First Wedding Cake (Frosting And Filling Questions)

Decorating By lrlt2000 Updated 15 Jun 2009 , 1:05pm by lrlt2000

lrlt2000 Posted 11 Jun 2009 , 1:31am
post #1 of 22

I'm nervous!!! I feel like I still can't figure out which frosting recipes work for which purpose! I am so overwhelmed by the thousands of icing recipes here and I just need someone to tell me which ones I need!

I have tried several different buttercream recipes, and although all tasted pretty good, all of them were too sweet and all made me nervous when kept out of the fridge (even Buttercream Dream was too sweet and seemed to 'melt' while I worked with it). Also, I was not comfortable with any of them for tip decorating. Should I definitely just stick with Royal for those external tip decorations?

Also, with respect to the finish icing, when you have dual concerns--like room temperature and silky smooth finish--can I find a recipe that accommodates both!? I want the smoothest finish I can get (the bride does not want fondant!!!) but at the same time want to avoid having to refrigerate it, if possible.

As for fillings. . . I haven't really found what I've been looking for! What is that seemingly buttery very stiff filling I've tasted in some bakery cakes that holds layers up well and is not soupy or 'wet'?? It seems really fluffy, almost like a whipped cream filling, but it's so stiff it can't be. Also, it is not too sweet, like all buttercream recipes I've made.

Anyone know what this might be??

It seems like any frosting I make with powdered sugar calls for too much and ends up too sweet, plus still looks too grainy even with the most careful finish scraping.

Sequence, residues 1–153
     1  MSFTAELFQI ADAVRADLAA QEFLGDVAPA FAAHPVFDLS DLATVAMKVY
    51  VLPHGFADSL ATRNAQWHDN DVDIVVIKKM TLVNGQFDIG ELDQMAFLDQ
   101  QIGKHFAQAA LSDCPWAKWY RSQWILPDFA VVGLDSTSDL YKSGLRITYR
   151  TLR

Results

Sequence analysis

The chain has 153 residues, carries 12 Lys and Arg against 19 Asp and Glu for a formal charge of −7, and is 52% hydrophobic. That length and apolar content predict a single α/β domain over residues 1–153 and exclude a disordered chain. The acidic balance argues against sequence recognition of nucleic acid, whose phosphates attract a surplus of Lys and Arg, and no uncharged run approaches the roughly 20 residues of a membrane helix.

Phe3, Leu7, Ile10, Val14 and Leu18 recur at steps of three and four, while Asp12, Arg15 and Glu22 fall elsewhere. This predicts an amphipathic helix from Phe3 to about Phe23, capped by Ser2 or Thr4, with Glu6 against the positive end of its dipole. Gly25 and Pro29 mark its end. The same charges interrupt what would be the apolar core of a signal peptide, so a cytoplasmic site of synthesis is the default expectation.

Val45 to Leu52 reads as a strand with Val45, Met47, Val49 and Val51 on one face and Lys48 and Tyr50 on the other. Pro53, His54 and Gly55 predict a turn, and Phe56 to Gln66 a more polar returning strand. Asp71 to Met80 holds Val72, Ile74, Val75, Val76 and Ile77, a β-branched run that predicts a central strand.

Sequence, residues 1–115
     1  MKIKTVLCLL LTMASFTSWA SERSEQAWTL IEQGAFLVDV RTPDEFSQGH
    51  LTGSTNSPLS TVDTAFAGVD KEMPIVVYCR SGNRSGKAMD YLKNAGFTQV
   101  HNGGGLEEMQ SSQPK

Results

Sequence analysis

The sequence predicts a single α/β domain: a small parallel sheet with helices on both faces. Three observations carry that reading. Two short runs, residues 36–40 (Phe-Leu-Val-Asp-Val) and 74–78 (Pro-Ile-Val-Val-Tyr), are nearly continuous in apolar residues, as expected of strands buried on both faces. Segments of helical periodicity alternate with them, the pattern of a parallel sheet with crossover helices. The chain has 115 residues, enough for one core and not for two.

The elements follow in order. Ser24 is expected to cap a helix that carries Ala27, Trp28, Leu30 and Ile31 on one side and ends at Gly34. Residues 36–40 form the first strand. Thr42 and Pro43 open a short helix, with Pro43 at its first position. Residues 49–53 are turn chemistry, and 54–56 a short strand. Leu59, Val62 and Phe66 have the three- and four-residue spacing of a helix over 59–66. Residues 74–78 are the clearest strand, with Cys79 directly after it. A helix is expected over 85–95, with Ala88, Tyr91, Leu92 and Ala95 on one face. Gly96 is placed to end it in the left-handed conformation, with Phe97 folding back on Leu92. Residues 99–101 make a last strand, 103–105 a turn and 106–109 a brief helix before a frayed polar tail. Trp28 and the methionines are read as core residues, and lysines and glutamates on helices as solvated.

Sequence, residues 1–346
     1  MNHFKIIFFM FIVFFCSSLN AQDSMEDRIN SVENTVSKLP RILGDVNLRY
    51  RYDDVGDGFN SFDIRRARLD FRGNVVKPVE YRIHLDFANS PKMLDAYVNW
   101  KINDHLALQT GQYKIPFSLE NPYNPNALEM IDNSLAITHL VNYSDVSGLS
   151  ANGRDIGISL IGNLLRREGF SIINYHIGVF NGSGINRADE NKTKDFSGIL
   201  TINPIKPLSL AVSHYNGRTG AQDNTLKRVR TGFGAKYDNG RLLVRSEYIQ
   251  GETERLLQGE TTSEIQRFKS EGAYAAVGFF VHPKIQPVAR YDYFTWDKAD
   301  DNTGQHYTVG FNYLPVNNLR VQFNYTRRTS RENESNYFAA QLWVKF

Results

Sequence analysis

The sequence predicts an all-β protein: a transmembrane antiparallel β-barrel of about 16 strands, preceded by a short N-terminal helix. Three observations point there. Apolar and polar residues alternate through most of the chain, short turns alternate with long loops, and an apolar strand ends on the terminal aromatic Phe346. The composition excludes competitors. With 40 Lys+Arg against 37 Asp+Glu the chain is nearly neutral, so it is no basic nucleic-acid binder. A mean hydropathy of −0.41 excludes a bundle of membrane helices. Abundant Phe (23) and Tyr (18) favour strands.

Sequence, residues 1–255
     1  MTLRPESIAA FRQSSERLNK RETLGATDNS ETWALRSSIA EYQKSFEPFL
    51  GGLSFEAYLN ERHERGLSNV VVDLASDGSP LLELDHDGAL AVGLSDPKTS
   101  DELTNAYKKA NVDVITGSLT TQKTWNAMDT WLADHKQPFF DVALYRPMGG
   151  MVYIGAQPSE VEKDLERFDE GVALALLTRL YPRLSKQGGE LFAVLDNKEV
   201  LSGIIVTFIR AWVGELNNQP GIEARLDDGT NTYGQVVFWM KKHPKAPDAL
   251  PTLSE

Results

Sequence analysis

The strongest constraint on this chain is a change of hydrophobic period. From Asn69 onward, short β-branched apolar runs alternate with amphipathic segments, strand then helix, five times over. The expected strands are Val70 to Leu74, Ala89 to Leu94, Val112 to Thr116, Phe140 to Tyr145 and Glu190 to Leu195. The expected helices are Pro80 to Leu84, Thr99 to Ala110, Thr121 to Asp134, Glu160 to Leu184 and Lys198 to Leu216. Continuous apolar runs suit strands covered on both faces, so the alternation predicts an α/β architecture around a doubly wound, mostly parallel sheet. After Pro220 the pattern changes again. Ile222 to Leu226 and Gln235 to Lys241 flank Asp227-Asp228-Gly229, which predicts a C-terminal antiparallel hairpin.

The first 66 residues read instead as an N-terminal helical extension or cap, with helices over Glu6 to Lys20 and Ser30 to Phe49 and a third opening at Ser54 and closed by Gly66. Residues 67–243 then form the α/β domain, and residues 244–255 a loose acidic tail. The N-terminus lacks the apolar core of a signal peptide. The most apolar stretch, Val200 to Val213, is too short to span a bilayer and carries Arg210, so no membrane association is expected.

Any comments would be very appreciated!

21 replies
mindy1204 Posted 11 Jun 2009 , 2:03am
post #2 of 22

Most of that I cant answer as I am a newbie, but as for the sweetness of the icing, do you add salt? My first few batches were so sweet, I learned on here to add popcorn salt. Dissolve it in liquid first so it doesnt make funny spot in the completed icing. It really cut down on the sweetness.

pattycakesnj Posted 11 Jun 2009 , 2:09am
post #3 of 22

I agree with mindy, a little salt cuts the sweetness. i use indydebi's buttercream, I get a smooth finish and it holds up well in the heat. HTH

yamber82 Posted 11 Jun 2009 , 2:16am
post #4 of 22

i am also about to do my first wedding cake (except for my own cake) and i think i am going to go with the sleeve fillings. i am too scared to experiment.

sweet1122 Posted 11 Jun 2009 , 2:21am
post #5 of 22

That whipped cream that you're talking about is probably something that's called Bettercreme or Frosting Pride. Its what the bakeries use for their whipped icings. They give you a choice between buttercream or whipped when you order a cake. It comes in liquid form and whips up. You can buy it at some cake supply shops. I've heard some Sam's clubs or Walmarts will sell it to you too, but mine don't.

ptanyer Posted 11 Jun 2009 , 2:28am
post #6 of 22

First of all, welcome to Cake Central! This is the greatest cake decorating website in the world. You will find all kinds of info and techniques that are sure to make your cake decorating rise to new heights icon_smile.gif

Now, I am not an expert by any means, but I will try to answer your questions with what I have learned.

There are tons of recipes on CC and yes it can get confusing. Do you have an cake decorating books from some of the better known cake designers? Collette Peters, Toba Garrett both have great books.

Sugarshack offers great DVD's and I recommend that they be the base for all DVD's you buy. She covers buttercream, fondant, stacking and other categories and are well worth the money. Her buttercream recipe is great for filling and icing and decorating and doesn't have to be refrigerated.